A number of commenters noted that certain costs have increased since OPM conducted the survey. They cited the cost of gasoline, housing, utilities, airline tickets, grocery items, medical needs, automobile expenses, various fees and taxes, and other items. Several commenters believed we should survey more frequently. We recognize that prices for various items will increase in the COLA areas and/or the DC area between surveys. We collect prices in each survey area every 3 years on a rotating basis according to a schedule agreed upon by the parties in the Caraballo settlement. As noted previously, we adjust area price indexes in non-survey years based on the relative change in the CPI for the COLA area compared with the CPI for the Washington, DC, area.
One commenter said OPM should survey the cost of water, gas, electricity, and telephone utilities. We survey each of these items. We published a list of the items we surveyed in the Caribbean and DC areas in appendix 3 of the 2005 Caribbean Survey Report at 71 FR 63197.
Puerto Rico Sales Tax ↑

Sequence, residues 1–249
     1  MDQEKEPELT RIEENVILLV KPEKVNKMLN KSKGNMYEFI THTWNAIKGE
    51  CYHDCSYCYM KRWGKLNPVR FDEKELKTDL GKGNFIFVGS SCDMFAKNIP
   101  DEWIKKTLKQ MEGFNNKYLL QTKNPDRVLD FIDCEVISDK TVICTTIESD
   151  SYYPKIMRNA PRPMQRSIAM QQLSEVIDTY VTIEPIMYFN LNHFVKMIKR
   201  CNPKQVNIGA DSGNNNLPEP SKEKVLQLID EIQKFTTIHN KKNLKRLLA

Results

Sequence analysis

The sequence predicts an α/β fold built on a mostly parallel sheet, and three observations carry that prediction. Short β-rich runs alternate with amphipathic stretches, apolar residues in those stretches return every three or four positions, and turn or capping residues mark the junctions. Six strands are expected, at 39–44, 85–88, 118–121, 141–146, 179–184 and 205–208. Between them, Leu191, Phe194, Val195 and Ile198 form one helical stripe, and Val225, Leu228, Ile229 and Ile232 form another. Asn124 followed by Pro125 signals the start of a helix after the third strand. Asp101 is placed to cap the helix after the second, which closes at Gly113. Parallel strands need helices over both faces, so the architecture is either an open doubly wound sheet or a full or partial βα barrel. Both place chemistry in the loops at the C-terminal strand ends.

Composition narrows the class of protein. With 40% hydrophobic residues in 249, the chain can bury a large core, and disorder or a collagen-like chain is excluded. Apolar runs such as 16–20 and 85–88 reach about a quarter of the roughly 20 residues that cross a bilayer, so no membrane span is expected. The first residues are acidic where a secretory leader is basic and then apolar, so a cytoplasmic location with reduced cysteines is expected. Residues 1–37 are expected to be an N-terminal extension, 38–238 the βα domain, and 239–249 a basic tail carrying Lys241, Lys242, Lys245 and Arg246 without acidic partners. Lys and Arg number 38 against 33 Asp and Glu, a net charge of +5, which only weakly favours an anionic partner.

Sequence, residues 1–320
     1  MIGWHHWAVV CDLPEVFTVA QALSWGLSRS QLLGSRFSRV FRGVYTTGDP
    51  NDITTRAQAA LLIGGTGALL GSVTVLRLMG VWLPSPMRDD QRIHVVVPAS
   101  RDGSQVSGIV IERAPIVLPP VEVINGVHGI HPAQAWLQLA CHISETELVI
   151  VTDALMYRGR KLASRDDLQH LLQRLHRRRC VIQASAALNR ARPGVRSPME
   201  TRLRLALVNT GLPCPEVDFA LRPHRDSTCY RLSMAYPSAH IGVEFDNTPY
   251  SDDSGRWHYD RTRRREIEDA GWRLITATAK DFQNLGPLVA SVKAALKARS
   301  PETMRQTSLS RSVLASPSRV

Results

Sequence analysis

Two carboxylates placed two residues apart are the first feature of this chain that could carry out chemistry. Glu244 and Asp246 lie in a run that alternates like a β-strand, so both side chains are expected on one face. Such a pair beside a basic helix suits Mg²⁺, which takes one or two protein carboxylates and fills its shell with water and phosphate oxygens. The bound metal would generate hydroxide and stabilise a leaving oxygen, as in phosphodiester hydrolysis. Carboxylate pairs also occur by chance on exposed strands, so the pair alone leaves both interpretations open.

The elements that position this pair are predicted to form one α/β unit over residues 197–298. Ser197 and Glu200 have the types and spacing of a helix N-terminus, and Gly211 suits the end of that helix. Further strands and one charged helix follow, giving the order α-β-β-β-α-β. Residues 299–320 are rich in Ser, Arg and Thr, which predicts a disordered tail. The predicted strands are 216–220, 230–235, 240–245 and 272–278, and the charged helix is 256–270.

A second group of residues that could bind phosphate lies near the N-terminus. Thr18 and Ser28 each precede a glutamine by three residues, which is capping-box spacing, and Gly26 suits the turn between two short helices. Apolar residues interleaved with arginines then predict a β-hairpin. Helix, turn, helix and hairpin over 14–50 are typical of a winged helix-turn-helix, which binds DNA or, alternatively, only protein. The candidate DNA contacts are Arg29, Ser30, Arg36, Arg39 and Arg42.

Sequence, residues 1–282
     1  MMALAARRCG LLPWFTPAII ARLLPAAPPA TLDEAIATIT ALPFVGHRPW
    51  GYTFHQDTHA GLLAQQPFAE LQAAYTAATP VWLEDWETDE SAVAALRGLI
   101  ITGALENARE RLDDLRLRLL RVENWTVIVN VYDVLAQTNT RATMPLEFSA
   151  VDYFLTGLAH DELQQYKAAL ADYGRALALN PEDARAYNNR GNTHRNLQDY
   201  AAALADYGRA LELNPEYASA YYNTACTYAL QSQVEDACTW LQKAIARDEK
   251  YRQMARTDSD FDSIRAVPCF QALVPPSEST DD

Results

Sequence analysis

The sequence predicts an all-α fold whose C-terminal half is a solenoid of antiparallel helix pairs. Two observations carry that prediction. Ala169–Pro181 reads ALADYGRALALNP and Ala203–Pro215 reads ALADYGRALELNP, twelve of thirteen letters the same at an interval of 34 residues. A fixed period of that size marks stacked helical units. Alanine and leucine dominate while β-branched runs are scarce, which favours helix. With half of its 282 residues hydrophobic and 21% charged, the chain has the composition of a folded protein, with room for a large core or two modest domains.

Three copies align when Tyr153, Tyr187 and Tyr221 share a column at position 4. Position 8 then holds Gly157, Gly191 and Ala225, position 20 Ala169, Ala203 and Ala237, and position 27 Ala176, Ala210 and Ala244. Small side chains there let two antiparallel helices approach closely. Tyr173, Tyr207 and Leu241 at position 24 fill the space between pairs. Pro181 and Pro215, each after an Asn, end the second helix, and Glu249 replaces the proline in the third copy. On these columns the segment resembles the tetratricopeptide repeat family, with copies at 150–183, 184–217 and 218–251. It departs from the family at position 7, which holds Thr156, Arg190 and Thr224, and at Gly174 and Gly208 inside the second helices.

Several commenters believed OPM did not fully account for coverage of the new Commonwealth and municipio sales tax, particularly with grocery items. We proposed a one-time adjustment to the Puerto Rico COLA index based on the sales tax, which had not yet been captured by the COLA surveys or reflected in the CPI adjustments. We obtained information on the applicability of the sales tax from the Puerto Rico Department of the Treasury (Hacienda). Using this information, we applied the sales tax to covered survey items to determine an aggregate indicator of the impact of the tax on the Puerto Rico COLA index. The index increased by 1.9 points, translating to a COLA rate increase of 2 percent. We did not attempt to account for variations in tax coverage by municipio as these variations would likely have an inconsequential effect on the index. Similarly, we did not account for price reductions for survey items no longer subject to the general excise tax because the effect would also likely be inconsequential. In the future, the sales tax will be added to the prices we survey and will be reflected in the Puerto Rico CPI used for the interim adjustments.